These are among the persuadable voters Obama, Romney and their top surrogates are courting as they make weekly campaign stops in Florida. Both candidates are expected to visit next week as the latest public poll — an NBC News/Wall Street Journal/Marist Poll released Thursday — shows Obama with a 49 percent to 44 percent advantage over Romney.
Democrats caution that the numbers could change. And some party insiders who expect the race to come down to three states — Florida, Ohio and Virginia — say it's still Florida that concerns them the most given the state's unpredictable voting patterns. Republican George W. Bush won the state twice, including in the 2000 recount, before Obama won it four years ago.
"Even with all of the missteps by Romney, Obama hasn't been able to put it away," said Steve Vancore, a Florida-based Democratic pollster. "There's still time for this to change."
Romney aides argue that convincing voters Obama is to blame for the state's weak economy is the Republican's best chance of winning Florida. To press its economic message, Romney is running an ad here that emphasizes the housing crisis and argues that Florida voters aren't better off than they were four years ago. More ads are expected on housing and the economy through the fall.
Romney's team doesn't mention that Republicans governed the state before, during and after the recession.
"What is somewhat troublesome is that, with the economy the way it is, Romney isn't doing better," said Alex Patton, a Republican consultant in Florida. He suggests Romney broaden his pitch to other issues, saying: "He needs a little extra push."
That may come in the form of more TV ad dollars.
Obama's campaign hopes to counter that GOP cash infusion with an extensive registration and get-out-the-vote operation that includes more than 80 field offices across the state. Romney's campaign has 47 offices in Florida.
But Democrats worry that their efforts could be hampered by the legal wrangling in Florida over early-voting and voter-registration laws. Florida voters across the state will probably be limited to no more than eight days of early voting, down from 14 days in 2008. Obama's advantage among people who voted early was one of his keys to victory.
The state's GOP-led Legislature and Republican governor also instituted new requirements on voter registration drives, including a 48-hour deadline for turning applications in to election officials. A federal judge recently blocked that provision, but same Democrats say it had already slowed their registration efforts.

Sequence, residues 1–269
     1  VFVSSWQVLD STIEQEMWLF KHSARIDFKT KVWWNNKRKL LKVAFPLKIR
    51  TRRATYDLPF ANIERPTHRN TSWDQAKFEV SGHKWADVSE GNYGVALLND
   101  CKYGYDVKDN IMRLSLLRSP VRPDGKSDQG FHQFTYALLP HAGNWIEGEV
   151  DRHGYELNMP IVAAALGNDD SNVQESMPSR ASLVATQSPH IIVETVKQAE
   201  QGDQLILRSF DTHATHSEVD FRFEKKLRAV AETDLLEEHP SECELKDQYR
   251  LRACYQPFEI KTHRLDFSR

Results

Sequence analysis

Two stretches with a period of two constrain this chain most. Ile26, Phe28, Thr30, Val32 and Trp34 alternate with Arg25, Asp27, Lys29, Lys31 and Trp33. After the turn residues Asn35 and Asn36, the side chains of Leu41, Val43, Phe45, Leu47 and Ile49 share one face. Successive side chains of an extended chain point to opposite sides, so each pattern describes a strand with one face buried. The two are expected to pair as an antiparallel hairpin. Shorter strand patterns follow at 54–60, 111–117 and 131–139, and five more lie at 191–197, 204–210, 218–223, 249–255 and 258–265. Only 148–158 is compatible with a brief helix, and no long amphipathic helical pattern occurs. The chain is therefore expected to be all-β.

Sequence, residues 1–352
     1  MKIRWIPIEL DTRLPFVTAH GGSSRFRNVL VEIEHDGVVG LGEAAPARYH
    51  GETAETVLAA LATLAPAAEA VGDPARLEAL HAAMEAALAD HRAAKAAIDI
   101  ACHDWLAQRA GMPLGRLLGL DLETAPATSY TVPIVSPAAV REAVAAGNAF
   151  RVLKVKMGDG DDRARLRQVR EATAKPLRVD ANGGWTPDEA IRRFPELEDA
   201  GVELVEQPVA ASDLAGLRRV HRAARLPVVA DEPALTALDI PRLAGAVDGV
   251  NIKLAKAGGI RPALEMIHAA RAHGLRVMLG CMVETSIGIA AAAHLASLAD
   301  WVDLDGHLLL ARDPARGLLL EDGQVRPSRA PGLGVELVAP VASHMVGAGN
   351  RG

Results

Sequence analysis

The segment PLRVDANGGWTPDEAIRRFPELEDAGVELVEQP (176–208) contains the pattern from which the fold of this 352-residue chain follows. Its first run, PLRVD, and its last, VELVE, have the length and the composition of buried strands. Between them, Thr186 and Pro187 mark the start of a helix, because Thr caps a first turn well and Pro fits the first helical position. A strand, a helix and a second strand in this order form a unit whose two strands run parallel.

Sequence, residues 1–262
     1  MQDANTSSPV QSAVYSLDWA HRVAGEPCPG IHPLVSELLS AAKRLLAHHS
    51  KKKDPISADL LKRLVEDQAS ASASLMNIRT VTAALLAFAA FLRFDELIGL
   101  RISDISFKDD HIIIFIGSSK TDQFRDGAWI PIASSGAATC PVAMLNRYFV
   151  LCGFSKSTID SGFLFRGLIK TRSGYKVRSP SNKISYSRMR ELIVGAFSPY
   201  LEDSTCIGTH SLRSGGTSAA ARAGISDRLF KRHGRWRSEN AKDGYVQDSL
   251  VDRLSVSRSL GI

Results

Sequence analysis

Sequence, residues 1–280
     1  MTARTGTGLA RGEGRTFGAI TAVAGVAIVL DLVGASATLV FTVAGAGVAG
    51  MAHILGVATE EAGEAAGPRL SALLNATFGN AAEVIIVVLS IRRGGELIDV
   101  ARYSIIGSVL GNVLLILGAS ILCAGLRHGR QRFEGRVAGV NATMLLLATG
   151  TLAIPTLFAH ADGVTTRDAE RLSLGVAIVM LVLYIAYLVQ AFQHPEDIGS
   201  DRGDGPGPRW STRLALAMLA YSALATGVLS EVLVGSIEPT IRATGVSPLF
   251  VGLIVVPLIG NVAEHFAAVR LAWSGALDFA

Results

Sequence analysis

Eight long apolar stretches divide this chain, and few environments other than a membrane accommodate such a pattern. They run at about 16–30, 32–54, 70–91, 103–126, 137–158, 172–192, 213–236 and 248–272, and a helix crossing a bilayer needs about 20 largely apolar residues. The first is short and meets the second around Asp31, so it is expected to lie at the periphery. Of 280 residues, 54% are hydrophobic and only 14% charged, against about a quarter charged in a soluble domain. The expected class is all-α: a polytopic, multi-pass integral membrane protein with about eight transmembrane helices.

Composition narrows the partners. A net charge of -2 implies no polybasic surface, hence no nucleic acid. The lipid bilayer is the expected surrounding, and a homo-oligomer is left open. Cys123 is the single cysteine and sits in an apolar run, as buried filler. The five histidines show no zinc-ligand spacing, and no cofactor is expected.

Democrats also are concerned about holding their advantage with Hispanics, particularly the Puerto Rican population that's growing rapidly along the swing-voting Interstate-4 corridor in central Florida. Romney is trying to chip away at Obama's advantage with Hispanics — the Democrat carried them with 57 percent of the vote in 2008 — by accusing him of breaking his promise of comprehensive immigration reform.
Obama backers say Romney may have an easier time softening the president's support among Jewish voters in Democratic-friendly South Florida, some of whom question Obama's commitment to Israel. The GOP has fodder, including the Democratic convention fight over including a reference in the party platform to Jerusalem being Israel's capital, an apparent split between Obama and Israeli Prime Minister Benjamin Netanyahu on Iran, and the tumultuous events at U.S. embassies in the Middle East.
Democrats had been hoping to narrow the GOP's advantage among seniors after Romney chose Ryan as his running mate. The Wisconsin congressman is the architect of a controversial budget proposal that includes an overhaul of Medicare. But strategists in both parties say Republicans appear to have mitigated that risk by aggressively countering Democratic criticism on Medicare just after Ryan was picked.
Associated Press Deputy Director of Polling Jennifer Agiesta contributed to this report.
Follow Julie Pace at http://twitter.com/jpaceDC.
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